Most advisors don’t use investment policy statements
By Paula Aven Gladych
Only 39 percent of financial advisors create a written investment policy statement for their clients, which is a missed opportunity, according to Russell Investments’ latest quarterly survey of U.S. advisors, the Financial Professional Outlook.
An investment policy statement is a written statement of risk and return objectives along with implementation guidance.
Of the advisors who were surveyed, 33 percent say they only create investment policy statements for their highest net worth clients and 21 percent don’t use these statements at all.
“With the industry shift toward advisory-based relationships, it is surprising that so many advisors remain uncommitted to the best practice of utilizing investment policy statements with all clients,” said Rod Greenshields, consulting director for Russell’s U.S. advisor-sold business. “One of the best ways an advisor can fulfill their fiduciary duty and encourage a client to stick to a long-term, disciplined plan is to develop a statement of their objectives and related recommendations. These statements can serve as a type of ‘commitment device,’ reminding investors of their goals and helping them make productive decisions in times of uncertainty.”
A majority of advisors surveyed (60 percent) said that in 2012, they were asked by clients to deviate from an agreed-upon investment policy to reduce their exposure to risk assets. Fifty-nine (59) percent of advisors indicated that these requests were most often prompted by information clients received from sources such as the media, family and friends, and not the guidance of a financial professional.
“Many investors fall victim to two behavioral biases. The first is recency bias, which occurs when an investor assumes the patterns they have experienced will continue indefinitely. The second is availability bias, which occurs when an investor places more weight on the information they see most frequently,” said Greenshields. “For many, these biases have amplified the political, economic and market events of the past few years, distorting investor perceptions of market volatility and reducing some investors’ ability to stay focused on their long-term plans.”
When clients seek to deviate from an agreed-upon investment policy, 47 percent of advisors said they typically revisit the client’s objectives and/or their full financial plan. Thirty-eight (38) percent say they use it as an opportunity to revisit the investment policy and/or the portfolio asset allocation.
Most advisors (72 percent) said they are optimistic about the capital markets over the next three years, while only 21 percent said the same was true for their clients. Yet, advisors do see distinctions in clients’ market sentiment by generation.
Only 15 percent of advisors said clients over the age of 66 are optimistic about the markets, while a much higher percentage of advisors said younger clients are optimistic (45 percent for “Generation X” and 42 percent for “Generation Y”). The majority of advisors (50 percent) said that “baby boomer” clients are uncertain about the markets; only 27 percent of advisors reported this age group is optimistic about the capital markets. “Many factors influence investor sentiment about the capital markets, both rational and emotional. Investors near or in retirement likely suffered the most trauma in recent years. Not only did they likely have larger portfolios affected by the global financial crisis, but they also had the most riding on those portfolios—their lifetime retirement income,” said Greenshields. “Understanding a client’s personal investing experiences, objectives and concerns can all help an advisor tailor their planning approach and refocus their client on the key issues: their ultimate goals and the recommended path toward reaching those desired outcomes.”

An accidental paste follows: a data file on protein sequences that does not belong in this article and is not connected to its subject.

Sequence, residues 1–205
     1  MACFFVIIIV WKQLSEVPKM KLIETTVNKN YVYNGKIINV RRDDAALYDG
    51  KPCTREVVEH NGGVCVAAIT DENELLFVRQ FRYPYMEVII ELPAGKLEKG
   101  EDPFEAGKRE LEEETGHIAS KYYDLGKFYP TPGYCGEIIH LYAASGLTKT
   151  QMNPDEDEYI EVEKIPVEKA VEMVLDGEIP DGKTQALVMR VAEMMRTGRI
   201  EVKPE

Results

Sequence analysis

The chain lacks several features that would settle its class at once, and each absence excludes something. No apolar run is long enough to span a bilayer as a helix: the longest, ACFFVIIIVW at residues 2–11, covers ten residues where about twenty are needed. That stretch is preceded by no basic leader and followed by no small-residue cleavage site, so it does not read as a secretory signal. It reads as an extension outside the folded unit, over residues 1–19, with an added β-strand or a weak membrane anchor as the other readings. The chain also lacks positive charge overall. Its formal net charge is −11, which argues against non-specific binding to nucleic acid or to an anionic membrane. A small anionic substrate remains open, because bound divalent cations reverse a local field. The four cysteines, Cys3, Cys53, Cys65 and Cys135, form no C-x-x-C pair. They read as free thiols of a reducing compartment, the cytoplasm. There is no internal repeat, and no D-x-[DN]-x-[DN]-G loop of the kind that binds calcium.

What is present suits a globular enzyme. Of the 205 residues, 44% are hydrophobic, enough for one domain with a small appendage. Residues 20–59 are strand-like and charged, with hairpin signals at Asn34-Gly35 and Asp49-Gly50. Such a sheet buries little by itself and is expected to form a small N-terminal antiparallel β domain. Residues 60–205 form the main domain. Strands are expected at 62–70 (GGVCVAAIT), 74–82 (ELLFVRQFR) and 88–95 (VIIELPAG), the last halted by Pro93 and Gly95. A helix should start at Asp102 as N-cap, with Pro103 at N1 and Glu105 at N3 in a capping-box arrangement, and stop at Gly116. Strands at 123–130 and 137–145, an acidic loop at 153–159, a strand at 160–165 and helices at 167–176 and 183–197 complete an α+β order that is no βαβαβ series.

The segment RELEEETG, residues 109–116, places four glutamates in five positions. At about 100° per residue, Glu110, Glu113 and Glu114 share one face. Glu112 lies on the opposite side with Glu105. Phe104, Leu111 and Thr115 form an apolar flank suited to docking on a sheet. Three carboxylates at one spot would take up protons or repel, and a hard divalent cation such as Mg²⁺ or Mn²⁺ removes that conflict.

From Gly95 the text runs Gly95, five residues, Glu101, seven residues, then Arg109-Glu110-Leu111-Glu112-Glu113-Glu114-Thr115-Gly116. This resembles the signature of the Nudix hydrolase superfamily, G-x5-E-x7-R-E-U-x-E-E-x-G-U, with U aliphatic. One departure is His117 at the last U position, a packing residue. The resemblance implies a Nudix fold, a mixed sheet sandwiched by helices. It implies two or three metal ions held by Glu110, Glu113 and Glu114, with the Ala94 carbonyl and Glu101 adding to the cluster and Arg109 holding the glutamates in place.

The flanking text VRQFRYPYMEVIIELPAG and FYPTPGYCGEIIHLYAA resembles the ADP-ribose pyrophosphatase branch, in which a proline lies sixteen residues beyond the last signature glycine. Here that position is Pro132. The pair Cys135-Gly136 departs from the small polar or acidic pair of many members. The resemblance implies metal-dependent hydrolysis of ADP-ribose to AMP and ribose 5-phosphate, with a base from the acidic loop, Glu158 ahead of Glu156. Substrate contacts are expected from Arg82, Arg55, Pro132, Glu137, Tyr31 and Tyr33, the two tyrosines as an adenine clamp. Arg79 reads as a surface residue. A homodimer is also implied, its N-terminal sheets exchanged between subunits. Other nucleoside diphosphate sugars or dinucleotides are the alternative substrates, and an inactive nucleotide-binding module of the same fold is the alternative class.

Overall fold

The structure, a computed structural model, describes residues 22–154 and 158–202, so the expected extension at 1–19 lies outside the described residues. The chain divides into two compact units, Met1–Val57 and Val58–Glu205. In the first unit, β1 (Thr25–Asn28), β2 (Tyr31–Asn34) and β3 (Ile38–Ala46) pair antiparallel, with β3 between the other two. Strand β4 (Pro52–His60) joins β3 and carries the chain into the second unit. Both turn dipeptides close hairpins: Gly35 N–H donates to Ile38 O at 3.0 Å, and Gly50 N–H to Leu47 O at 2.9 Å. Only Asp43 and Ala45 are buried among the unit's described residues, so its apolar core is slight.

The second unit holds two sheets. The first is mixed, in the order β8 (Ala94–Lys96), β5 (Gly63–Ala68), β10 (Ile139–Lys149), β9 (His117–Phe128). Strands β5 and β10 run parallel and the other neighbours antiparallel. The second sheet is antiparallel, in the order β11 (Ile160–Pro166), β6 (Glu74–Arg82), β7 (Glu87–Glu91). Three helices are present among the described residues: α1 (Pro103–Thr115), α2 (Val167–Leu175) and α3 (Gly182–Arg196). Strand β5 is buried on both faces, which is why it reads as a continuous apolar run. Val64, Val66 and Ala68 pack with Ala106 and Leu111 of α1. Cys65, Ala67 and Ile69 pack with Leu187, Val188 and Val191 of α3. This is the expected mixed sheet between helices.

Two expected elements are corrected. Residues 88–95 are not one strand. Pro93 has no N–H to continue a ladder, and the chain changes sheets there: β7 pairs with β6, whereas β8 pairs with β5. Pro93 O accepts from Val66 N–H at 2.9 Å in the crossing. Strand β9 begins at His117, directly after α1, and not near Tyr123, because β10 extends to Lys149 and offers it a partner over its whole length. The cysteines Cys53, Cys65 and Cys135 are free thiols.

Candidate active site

When asked what advice they are offering clients for the duration of the year, many advisors pointed to the importance of a financial plan based on long-term objectives, but some also noted that they are emphasizing that a “buy and hold” strategy may not be appropriate in today’s investment environment.
One advisor surveyed said they tell clients: “Stick to the plan. Don’t get too excited by rising markets or too depressed about declining markets. Our asset allocation recognizes both up and down markets are certain to occur.” Another offered, “Remember that portfolios are allocated to match their risk/reward profile and that we will make adjustments as needed to keep that balance in effect.”
“A disciplined, long-term plan does not necessitate a static approach. In fact, a plan can benefit from elements of flexibility and adaptability that allow for appropriate response to changes in an investor’s goals and circumstances, as well as changes in the market,” said Greenshields. “Yet, reacting to every short-term market event is not the answer. Advisors employing an investment process that responsibly adapts to the investor’s situation and provides opportunities to actively manage risk are likely better able to keep clients on track.”
Russell Investments is a global asset manager and one of only a few firms that offers actively managed multi-asset portfolios and services that include advice, investments and implementation.
Originally published on BenefitsPro.com